The former banker has pleaded guilty in aiding U.S. citizens hide their assets in Switzerland, evading U.S. taxes.
On Wednesday, a former banker from the Credit Suisse Group AG pleaded guilty to participating in a wide-ranging scheme that was designed to help numerous Americans evade U.S. taxes by hiding millions of dollars in offshore accounts.
Susanne Rüegg Meier, a former Credit Suisse manager has pleaded guilty in a federal court in Alexandria, Virginia, for conspiring to defraud the United States through her work heading of a team of bankers, said the U.S. Justice Department in a statement.
Her plea comes in the wake of a Swiss citizen, indicted in 2011 in one of many cases of tax evasion, which resulted in a broad crackdown by the US authorities on offshore tax evasions by its citizens.
That probe had led the charge sheeting of several bankers, including Credit Suisse. In 2014 the bank pleaded guilty to conspiring to aid and assist taxpayers in filing false returns as part of a $2.6 billion settlement.
Following the latest ruling, Rüegg Meier is now staring at a prison term of up to five years. She is scheduled to be sentenced on Sept 8.
Rüegg Meier’s lawyer did not respond to a request for comment.
According to prosecutors, from 2002 through 2011, being the head of Credit Suisse’s North American desk in Switzerland, Rüegg Meier had participated in a conspiracy to help U.S. taxpayers hide their assets in secret Swiss bank accounts.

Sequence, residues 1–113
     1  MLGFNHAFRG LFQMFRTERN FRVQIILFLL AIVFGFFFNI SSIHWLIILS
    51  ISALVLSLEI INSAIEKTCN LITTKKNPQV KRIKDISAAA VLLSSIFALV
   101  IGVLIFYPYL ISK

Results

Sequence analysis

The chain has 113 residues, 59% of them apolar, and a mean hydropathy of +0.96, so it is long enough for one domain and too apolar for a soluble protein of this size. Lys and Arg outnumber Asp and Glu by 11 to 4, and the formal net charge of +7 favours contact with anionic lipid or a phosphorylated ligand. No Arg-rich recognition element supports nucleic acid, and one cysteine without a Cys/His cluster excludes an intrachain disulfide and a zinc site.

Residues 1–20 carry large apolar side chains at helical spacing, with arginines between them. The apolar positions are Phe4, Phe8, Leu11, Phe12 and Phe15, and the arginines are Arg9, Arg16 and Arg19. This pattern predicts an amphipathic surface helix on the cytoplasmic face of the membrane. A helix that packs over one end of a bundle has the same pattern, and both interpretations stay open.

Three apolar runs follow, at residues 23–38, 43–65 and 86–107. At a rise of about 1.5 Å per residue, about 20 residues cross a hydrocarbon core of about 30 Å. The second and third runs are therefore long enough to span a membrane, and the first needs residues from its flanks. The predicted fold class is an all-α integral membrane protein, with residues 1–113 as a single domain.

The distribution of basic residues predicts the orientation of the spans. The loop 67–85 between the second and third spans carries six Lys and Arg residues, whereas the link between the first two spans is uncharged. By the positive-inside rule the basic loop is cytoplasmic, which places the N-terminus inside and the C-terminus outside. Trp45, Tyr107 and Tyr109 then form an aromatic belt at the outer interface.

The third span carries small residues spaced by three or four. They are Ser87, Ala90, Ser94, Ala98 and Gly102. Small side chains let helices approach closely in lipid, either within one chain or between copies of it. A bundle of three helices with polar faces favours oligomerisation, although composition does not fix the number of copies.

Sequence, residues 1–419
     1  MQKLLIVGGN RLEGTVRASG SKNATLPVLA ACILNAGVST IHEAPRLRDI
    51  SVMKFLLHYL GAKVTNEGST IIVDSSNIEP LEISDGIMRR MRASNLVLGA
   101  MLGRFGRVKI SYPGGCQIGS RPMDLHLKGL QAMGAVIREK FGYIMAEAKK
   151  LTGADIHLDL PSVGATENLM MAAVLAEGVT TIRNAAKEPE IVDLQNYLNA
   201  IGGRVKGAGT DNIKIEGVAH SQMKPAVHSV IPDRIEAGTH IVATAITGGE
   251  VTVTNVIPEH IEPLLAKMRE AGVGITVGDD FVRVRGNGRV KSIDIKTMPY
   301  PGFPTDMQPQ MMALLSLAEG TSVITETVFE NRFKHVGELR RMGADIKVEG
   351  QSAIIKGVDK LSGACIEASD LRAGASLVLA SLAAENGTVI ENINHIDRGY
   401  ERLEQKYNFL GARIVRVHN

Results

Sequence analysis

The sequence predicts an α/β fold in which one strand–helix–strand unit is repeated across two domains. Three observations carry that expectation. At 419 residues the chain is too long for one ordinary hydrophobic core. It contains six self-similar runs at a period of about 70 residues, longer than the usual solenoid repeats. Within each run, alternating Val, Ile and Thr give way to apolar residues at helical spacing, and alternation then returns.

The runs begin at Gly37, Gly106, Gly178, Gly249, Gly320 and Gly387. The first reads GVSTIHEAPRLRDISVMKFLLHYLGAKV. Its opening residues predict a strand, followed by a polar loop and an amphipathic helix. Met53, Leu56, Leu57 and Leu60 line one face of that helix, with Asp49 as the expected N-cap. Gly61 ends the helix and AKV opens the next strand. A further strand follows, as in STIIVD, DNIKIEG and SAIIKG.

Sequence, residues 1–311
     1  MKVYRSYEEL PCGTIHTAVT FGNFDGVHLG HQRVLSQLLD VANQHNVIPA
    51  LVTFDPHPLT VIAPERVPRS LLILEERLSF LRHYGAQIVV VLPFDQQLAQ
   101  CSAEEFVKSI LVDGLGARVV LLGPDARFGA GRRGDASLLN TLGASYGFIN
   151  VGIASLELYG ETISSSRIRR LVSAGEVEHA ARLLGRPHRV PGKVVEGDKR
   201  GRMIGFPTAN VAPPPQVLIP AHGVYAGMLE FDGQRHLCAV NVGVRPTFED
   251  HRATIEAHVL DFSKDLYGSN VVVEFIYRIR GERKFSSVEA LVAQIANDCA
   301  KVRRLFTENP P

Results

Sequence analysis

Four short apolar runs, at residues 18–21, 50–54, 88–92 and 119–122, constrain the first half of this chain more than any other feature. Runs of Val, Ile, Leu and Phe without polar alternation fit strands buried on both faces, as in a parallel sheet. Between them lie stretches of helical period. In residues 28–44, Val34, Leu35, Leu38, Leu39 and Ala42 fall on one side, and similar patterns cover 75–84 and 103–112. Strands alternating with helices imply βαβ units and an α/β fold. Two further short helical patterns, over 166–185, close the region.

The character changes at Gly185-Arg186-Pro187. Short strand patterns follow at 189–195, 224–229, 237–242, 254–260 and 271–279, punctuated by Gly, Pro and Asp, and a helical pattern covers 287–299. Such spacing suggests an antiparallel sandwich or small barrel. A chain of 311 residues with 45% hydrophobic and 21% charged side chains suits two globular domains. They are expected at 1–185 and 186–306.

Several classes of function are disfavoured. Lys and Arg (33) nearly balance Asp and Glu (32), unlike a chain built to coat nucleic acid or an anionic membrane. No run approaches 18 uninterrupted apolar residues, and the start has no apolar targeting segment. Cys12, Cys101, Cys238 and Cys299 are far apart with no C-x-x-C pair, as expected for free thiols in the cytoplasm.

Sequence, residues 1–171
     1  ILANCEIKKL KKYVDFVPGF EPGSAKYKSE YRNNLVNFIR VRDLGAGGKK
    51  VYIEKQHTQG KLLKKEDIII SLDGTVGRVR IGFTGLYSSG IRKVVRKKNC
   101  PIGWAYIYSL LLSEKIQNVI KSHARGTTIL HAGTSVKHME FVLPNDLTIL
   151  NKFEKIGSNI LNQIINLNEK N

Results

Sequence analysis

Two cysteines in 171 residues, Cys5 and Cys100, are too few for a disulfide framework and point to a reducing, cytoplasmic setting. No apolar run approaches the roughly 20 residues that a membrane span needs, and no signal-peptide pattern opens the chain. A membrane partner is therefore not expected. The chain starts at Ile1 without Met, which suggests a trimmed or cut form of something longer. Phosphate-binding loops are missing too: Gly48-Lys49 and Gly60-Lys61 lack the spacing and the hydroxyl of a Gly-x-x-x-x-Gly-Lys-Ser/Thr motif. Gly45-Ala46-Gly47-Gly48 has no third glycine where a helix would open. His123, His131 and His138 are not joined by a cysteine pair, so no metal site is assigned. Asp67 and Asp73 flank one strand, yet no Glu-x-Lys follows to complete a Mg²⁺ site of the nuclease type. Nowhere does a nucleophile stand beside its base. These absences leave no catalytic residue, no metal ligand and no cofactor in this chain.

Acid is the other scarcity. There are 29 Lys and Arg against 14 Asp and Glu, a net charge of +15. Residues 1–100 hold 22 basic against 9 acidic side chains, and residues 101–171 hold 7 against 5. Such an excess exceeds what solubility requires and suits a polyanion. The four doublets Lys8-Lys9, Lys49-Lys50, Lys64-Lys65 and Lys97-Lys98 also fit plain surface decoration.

Meier oversaw the servicing of over 1,000 to 1,500 client relationship accounts, apart from being personally responsible for 140 to 150 client accounts, the majority of them being U.S. citizens. Assets under her direct management was nearly $400 million, said prosecutors.
In 2008, when Credit Suisse began closing U.S. customer accounts, Rüegg Meier was instrumental in helping her clients keep their assets concealed, and in some cases even helped them open new accounts at other Swiss banks, said prosecutors.
Rüegg Meier has admitted that the tax loss resulting from her criminal conduct was in the range of $3.5 million to $9.5 million, said the Justice Department.
The case is U.S. v. Adami, et al, U.S. District Court, Eastern District of Virginia, No. 11-cr-95.